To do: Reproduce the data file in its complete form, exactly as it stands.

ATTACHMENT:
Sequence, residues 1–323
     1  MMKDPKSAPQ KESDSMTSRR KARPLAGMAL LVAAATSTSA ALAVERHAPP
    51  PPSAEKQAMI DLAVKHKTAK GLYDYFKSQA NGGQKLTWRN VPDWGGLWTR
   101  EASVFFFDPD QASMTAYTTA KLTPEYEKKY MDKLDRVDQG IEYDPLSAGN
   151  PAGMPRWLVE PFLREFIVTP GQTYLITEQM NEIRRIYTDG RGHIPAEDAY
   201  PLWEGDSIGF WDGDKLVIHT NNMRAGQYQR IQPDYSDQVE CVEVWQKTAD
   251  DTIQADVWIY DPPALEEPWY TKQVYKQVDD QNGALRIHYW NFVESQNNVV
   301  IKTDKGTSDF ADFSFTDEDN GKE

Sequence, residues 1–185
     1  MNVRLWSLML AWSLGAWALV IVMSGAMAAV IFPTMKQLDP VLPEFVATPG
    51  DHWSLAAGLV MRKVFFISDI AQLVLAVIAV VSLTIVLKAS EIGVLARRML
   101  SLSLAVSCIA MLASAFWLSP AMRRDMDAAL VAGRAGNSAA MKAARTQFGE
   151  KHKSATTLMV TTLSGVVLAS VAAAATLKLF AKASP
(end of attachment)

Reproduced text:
Sequence, residues 1–323
     1  MMKDPKSAPQ KESDSMTSRR KARPLAGMAL LVAAATSTSA ALAVERHAPP
    51  PPSAEKQAMI DLAVKHKTAK GLYDYFKSQA NGGQKLTWRN VPDWGGLWTR
   101  EASVFFFDPD QASMTAYTTA KLTPEYEKKY MDKLDRVDQG IEYDPLSAGN
   151  PAGMPRWLVE PFLREFIVTP GQTYLITEQM NEIRRIYTDG RGHIPAEDAY
   201  PLWEGDSIGF WDGDKLVIHT NNMRAGQYQR IQPDYSDQVE CVEVWQKTAD
   251  DTIQADVWIY DPPALEEPWY TKQVYKQVDD QNGALRIHYW NFVESQNNVV
   301  IKTDKGTSDF ADFSFTDEDN GKE

Sequence, residues 1–185
     1  MNVRLWSLML AWSLGAWALV IVMSGAMAAV IFPTMKQLDP VLPEFVATPG
    51  DHWSLAAGLV MRKVFFISDI AQLVLAVIAV VSLTIVLKAS EIGVLARRML
   101  SLSLAVSCIA MLASAFWLSP AMRRDMDAAL VAGRAGNSAA MKAARTQFGE
   151  KHKSATTLMV TTLSGVVLAS VAAAATLKLF AKASP